There is no safe-haven from grief I’m discovering. No place where it cannot touch you. In this year of firsts, I’m just trying to get through them all, experimenting with doing things the same as always, or maybe with a slight twist, something a little new, like music on the radio on the drive to the lake-house from the airport. It worked for a while, but the stations kept fading away. The woods are too dense. Which is probably why we never bothered with the radio before.  Maybe the way we’ve always done things is the best way, but surely there are new possibilities. Which hurts less, I wonder? Which helps most? The old way or something new? The only answer I’ve found so far is there is no one right answer.

*****

It’s been nine months today, since he’s been gone, and he is still so deeply missed.

Wishing you grace and peace like this moon-rise in the midst of whatever challenge you may be facing. I know I’m not the only one.

Moon over Lake Sunapee

God be with you.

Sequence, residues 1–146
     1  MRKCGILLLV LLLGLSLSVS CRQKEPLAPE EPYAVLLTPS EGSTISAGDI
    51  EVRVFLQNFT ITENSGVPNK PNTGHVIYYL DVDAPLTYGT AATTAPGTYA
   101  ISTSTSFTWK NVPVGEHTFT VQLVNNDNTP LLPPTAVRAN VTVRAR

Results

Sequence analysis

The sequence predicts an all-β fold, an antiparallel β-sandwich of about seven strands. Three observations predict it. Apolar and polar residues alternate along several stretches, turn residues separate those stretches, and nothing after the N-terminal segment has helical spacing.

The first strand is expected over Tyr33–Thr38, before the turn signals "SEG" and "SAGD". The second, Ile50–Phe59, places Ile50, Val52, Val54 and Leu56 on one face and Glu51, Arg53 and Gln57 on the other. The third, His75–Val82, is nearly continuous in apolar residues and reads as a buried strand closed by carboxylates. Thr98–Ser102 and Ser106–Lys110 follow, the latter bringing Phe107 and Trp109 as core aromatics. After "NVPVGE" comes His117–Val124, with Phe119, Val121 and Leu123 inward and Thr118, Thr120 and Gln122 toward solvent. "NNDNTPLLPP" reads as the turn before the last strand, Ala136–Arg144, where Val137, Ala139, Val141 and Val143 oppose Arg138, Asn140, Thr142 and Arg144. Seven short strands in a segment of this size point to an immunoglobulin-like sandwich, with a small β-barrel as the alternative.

Les Amis

There’s a weird grief inertia thing that makes everything take four times a long as it should, so I’m finally getting around to finishing the post about the visit of our dear friends Pascale and Jacky from La Rochelle . . .

David, Pascale and Jacky, June 2013 on Ile de Ré

They came to stay with me, along with Pascale’s daughter Anna, and were here from May 31st until the 12th of June. Here it is more than two months later, so high time to publish this post about all our adventures!

Although  Anna is completely fluent in English, neither Pascale nor Jacky is, so lucky for me we spent the entire time speaking French. Or rather they spent the entire time speaking French and I spent it trying to keep up (and having my mistakes corrected — which I had requested, to be clear, but a bit discouraging at times to find I’m still so very far from fluent). Still, I have come a long way!